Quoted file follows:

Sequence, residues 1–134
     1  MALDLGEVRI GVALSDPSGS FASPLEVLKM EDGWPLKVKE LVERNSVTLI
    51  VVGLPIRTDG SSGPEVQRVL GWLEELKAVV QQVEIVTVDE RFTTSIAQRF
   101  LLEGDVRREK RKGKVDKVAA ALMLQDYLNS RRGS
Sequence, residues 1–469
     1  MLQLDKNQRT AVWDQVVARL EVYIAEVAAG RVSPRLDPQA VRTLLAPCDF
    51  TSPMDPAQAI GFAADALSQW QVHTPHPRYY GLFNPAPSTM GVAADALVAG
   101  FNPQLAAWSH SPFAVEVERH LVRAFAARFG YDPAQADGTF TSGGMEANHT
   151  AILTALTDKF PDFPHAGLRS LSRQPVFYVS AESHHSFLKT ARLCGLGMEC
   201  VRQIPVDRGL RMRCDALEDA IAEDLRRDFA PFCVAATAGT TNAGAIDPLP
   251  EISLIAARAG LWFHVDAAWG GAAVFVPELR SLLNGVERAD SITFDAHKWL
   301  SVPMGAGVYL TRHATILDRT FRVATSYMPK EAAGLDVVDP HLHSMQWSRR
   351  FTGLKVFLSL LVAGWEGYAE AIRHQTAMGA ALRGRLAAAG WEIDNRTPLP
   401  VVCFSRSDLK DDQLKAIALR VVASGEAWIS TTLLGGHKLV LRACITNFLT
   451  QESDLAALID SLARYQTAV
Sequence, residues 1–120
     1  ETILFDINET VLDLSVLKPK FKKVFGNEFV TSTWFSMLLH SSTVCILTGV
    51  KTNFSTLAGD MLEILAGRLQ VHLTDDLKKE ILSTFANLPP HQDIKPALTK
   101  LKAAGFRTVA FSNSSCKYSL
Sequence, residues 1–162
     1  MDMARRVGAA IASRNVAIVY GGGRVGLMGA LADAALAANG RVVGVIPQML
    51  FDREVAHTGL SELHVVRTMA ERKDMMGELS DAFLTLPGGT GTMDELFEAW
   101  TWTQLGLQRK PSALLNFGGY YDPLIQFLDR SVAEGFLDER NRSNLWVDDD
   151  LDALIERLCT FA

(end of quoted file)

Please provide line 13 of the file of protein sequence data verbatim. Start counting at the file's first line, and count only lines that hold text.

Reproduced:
   351  FTGLKVFLSL LVAGWEGYAE AIRHQTAMGA ALRGRLAAAG WEIDNRTPLP